Their campaign, known as the White Terror was countered by the Red Terror, with the military distributing 20,000 guns to urban residents' associations and urging them to "kill the counterrevolutionaries."
An estimated 10,000 people died from November 1977 to March 1978, most of them in Addis Ababa, the capital. The Dergue, or military junta, eliminated the opposition and Mengistu emerged as the sole leader of the revolution.
Separatist wars in the Ethiopian hinterland, however, continue to defy resolution. The Eritrean war is the longest-running conflict in Africa, having begun in 1962 when Haile Selassie tried to bring the semi-autonomous Red Sea province under closer control of the central government. Other conflicts continue in the Tigre and Ogaden regions despite the help of 12,000 Cuban troops and some 4,000 Soviet advisors.
Religion as well took its lumps from the new regime despite a new policy of religious freedom that disestablished the official Ethopian Orthodox Church, to which at least 12 million of the 40 million Ethiopians belong.
The government closed churches and schools of the Lutheran-related Mekane Yesus denomination, apparently because members of the Oromo tribe who had launched a secessionist movement belonged to that church.
More indirectly the government has tried to discourage churchgoers through the kebeles, or neighborhood councils, that implement the revolution at the local level. The councils often schedule compulsory political meetings to compete with church services. Political activists take down the names of people who attend church and they openly call many religious practices "reactionary" and "backward."
Mengistu's regime might better have concerned itself with the nation's failing economy. With agricultural production increasing by only two percent annually and the population growing by three percent, Ethiopians are worse off than ever.
Vast areas of northern Ethiopia have been devastated by drought and famine worse than that of 1972-73, which was one of the principal causes of Emperor Haile Selassie's overthrow. Agricultural officials are hoping for donations of at least 250,000 tons of grain this year, but despite generous assistance from the United States and Europe, not nearly enough has been given.
And while Western governments provide food to the starving, Eastern bloc nations provide arms and technicians to shore up the Mengistu regime.
Hinduism, a religion which prides itself in being able to see good in other faiths, has become myopic in the Himalayan kingdom of Nepal.Wedged between China and India, the nation of 15 million people is the only Hindu state in the world.
That distinction has made it no more tolerant than an Islamic state.
It is against the law for a Hindu to change his religion. If one is convicted of doing so, the punishment is a year in prison; if the individual does not recant after that period, he or she can be remanded to prison for an indefinite period.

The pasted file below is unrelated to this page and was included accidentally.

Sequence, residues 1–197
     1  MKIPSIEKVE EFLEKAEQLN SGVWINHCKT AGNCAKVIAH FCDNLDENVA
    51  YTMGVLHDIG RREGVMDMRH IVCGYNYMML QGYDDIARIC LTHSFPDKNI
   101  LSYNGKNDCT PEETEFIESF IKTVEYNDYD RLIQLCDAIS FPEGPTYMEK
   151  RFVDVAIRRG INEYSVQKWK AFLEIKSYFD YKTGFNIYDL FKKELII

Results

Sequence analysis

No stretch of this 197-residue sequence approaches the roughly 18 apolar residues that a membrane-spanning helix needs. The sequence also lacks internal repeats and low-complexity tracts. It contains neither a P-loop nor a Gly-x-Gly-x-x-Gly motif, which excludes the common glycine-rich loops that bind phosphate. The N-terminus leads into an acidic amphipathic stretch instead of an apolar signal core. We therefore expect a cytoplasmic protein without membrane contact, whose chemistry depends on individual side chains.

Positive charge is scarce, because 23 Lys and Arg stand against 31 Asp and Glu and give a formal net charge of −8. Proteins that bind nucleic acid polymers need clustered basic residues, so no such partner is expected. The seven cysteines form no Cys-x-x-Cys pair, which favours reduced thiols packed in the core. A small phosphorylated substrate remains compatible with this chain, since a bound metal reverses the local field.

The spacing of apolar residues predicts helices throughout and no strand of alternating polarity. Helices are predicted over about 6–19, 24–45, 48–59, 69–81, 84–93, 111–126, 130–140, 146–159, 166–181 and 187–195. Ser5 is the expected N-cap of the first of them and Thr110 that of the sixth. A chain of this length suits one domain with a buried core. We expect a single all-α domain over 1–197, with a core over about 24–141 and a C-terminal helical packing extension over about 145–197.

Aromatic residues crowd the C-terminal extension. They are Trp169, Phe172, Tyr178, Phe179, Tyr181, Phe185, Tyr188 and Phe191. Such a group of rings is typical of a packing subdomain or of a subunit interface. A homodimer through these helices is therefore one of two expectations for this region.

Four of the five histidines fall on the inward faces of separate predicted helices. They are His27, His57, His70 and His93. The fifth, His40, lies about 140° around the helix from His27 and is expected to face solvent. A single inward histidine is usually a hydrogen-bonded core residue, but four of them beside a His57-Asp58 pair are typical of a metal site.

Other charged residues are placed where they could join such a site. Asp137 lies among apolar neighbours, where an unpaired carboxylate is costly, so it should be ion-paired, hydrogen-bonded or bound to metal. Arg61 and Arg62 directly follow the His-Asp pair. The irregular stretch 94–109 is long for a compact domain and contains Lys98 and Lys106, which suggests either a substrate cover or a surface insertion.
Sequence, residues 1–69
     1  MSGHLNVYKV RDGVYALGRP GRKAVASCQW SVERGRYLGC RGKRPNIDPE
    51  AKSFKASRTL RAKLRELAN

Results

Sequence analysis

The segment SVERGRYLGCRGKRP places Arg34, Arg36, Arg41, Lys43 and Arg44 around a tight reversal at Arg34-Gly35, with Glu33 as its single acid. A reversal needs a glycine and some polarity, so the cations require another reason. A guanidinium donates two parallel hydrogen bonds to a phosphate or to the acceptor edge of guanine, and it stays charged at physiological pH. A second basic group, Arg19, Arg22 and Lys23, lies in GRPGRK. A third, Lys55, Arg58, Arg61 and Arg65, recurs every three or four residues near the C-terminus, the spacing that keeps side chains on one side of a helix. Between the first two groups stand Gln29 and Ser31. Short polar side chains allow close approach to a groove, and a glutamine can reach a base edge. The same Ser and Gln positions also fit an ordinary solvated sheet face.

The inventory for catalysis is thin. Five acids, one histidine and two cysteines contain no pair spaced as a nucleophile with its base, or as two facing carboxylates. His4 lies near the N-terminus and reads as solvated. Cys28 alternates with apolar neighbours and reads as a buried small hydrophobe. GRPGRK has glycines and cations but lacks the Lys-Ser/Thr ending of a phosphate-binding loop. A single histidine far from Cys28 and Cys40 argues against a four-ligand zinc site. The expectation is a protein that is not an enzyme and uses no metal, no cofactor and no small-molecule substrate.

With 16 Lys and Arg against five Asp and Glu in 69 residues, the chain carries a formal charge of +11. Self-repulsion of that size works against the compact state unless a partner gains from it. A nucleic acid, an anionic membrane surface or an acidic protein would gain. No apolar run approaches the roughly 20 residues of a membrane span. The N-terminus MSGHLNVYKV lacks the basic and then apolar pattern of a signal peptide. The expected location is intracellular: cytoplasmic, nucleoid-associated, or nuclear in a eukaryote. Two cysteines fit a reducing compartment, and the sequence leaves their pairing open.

It is against the law for anyone to attempt to convert a Hindu to another religion. The penalty for proselytizing is seven years in prison.
But despite these obstacles, according to Sharon Mumper in Christianity Today, the Christian community has grown from a frightened few hundred just five years ago to an aggressive 15,000 today. They are nourished by some 250 house churches and leaders are being trained in a Bible school that was disbanded by the government but continues to function in private homes.
The great attraction of the movement to Nepalese is the obvious joy of the Christians. "They love singing, and the worship services go on for hours," says one missionary. This obvious demonstration of faith has precipitated government reaction that is anything but joyful. Within the past year the government has stepped up arrests of Christians, according to Mumper.
Christian Response International, an interdenominational watchdog of religious freedom, says that 57 Christians are either on trial or serving time in prison. Some Christian workers arrested recently are free on bail and their trials have been postponed.
Charles Mendies, director of the David Evangelistic Outreach, was one of those arrested. He believes the government is delaying court proceedings until Western interest in the case wanes. Several American congressmen had written to the king of Nepal encouraging the Nepalese government to demonstrate religious toleration.
Mumper also reports that the government has become more strict with Christian organizations working in Nepal. One administrator said "it appears that missions are being asked to sign a statement saying that the organization will not engage in any acts of proselytization."
Groups refusing to sign the statement may have problems securing visas and permits related to their work. Missions had previously been able to hold meetings for Christians and even occasional meetings with unbelievers present.
The umbrella organization for approximately 300 expatriate workers with nearly 40 Christian agencies is the United Mission to Nepal. The UMN has an agreement with the government that its member groups will not operate open evangelistic meetings, but that workers are free to answer questions and give evangelistic literature if it is requested.
The government, however, is less successful in trying to contain the contagious joy of Nepalese Christians. It's like trying to imprison the wind.